With the possibility of a trade agreement with China and/or additional trade barriers looming, it is worthwhile to revisit the issue of tariffs. There is so much simplistic information about how tariffs work that unless we start with some common knowledge, it is impossible to have a rational discussion about the issue.
First, what is a tariff? It is a tax on imported goods and as such raises the cost of those products. It is typically implemented to protect a domestic producer, equalize a subsidy that foreign companies may receive, or punish a foreign country for actions it has taken.
What is critical is recognizing who pays the tariff. The foreign producer is not responsible for the tariff. The importer pays the tariff once the good reaches the United States. After the tariff is paid and the goods are released to be sold in the country, the tariff cost is distributed.
Consider the tariffs on Chinese products. The U.S. cost of the imported product now reflects both the production costs and the tariff. The importer, distributor, retailer, and/or consumer battle to shift the tariff expense onto each other. The market power of each ultimately determines who pays.
Consequently, the tariff raises the cost to consumers and/or lowers earnings of businesses. That is why a tariff is viewed as nothing more than a tax on domestic firms and households.
So, who actually wound up paying the tariff tax?
A recent study by the New York Fed, Princeton University, and Columbia University found "that the U.S. tariffs were almost completely passed through into U.S. domestic prices, so that the entire incidence of the tariffs fell on domestic consumers and importers up to now, with no impact so far on the prices received by foreign exporters.”
In 2018, household income losses were estimated conservatively to be in excess of $8 billion and massive amounts of time and resources were spent finding ways to circumvent the tariff expense.
Yes, the tariffs are reducing household spending power, but the administration argued they were needed to narrow the trade gaps with some nations, especially China.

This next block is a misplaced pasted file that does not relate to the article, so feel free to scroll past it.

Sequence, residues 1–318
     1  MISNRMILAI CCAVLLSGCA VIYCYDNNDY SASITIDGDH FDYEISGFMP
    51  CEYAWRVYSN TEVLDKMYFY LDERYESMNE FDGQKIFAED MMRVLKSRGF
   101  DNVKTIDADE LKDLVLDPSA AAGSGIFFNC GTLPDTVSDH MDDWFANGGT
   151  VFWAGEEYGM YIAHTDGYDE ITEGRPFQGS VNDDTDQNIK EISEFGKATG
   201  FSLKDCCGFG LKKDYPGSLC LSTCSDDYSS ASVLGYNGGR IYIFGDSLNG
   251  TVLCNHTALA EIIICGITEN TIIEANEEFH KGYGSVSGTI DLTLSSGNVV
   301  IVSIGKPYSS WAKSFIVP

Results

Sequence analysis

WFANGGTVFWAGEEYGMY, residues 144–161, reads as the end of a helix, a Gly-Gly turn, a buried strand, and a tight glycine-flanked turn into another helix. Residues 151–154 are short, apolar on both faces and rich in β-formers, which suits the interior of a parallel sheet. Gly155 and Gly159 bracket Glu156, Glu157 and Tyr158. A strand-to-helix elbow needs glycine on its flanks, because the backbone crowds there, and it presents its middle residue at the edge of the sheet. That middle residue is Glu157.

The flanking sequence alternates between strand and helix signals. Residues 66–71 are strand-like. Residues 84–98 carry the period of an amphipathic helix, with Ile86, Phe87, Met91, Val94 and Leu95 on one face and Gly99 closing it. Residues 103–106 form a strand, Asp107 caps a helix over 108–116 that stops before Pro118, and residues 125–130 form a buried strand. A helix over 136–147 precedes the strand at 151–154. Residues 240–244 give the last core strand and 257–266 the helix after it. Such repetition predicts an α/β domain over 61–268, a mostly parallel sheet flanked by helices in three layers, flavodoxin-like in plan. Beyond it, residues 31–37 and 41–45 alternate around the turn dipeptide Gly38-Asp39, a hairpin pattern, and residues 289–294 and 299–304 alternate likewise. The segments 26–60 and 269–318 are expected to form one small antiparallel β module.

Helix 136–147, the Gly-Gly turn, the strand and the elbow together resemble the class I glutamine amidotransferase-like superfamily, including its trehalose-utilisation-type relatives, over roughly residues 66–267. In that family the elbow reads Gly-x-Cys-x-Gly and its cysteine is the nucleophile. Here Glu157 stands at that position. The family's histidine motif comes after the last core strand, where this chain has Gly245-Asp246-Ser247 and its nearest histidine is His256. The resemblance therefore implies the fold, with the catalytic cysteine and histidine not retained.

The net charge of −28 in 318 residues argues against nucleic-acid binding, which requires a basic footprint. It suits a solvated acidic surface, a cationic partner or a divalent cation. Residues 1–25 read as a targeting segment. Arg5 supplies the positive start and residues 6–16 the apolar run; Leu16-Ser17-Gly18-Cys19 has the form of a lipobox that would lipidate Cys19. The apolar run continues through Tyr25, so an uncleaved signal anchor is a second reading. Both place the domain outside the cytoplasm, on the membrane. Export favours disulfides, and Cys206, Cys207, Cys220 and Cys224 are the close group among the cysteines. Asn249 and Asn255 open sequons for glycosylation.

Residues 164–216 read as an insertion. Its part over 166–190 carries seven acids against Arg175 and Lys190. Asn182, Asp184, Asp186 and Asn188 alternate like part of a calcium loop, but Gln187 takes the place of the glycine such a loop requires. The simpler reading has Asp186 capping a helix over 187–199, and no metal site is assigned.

So, how did we do? So far, not very well.
In 2018, the U.S. trade deficit with China surged by nearly 12 percent. With the European Union, the deficit increased 11.6 percent; with Mexico, it expanded 14.6 percent; and with Canada by 12.6 percent. So much for narrowing the trade deficits with our major trading partners.
Also, the administration argued this isn’t just about narrowing the trade gaps; it is also about righting wrongs. It might be on to something here.
The theft of intellectual property (IP) is rampant in China. It is recognized that if you do business in China, you are in great danger of having your most precious asset, IP, stolen.
Should tariffs be employed to address the loss of IP? I am not sure.
Despite the risk to IP, for decades, U.S. companies flocked to China. It could be argued they viewed the potential IP loss as just another cost of doing business.
Recently, I gave a talk to a group of investment professionals and raised that issue. I asked: If firms knew the loss of IP was possible or even likely, why did they do business in China?
The explanations were disconcerting. First, there was the simple cost/benefit calculation that the lower wage expenses derived from operating in China would more than offset any potential IP losses. Second was the belief the Chinese market was so large that earnings there would dwarf the potential IP threat. And finally, there was the confidence, at least initially but possibly still now, that the Chinese would not be able to steal their most valued secrets.
Companies that operate in or do business with China do so willingly and with full knowledge of the risk to their IP. Who is to blame, then, if they lose assets they knowingly put at risk?
The Chinese also took a gamble. If U.S. companies didn’t operate in or stopped working with China, where would the Chinese economy now be? Not where it is. The Chinese took the risk that the U.S. companies would come despite the IP risks and they won big.
The organized theft of IP should not happen. But tariff wars that hurt the many are not the answer to protecting individual businesses’ IP.
Tariffs raise consumer costs, lower corporate earnings, do little to reduce trade deficits, and so far, have yet to make it safer for businesses to operate in China.
Still think tariffs are a good idea?
—Joel L. Naroff is president and chief economist at Naroff Economic Advisors Inc.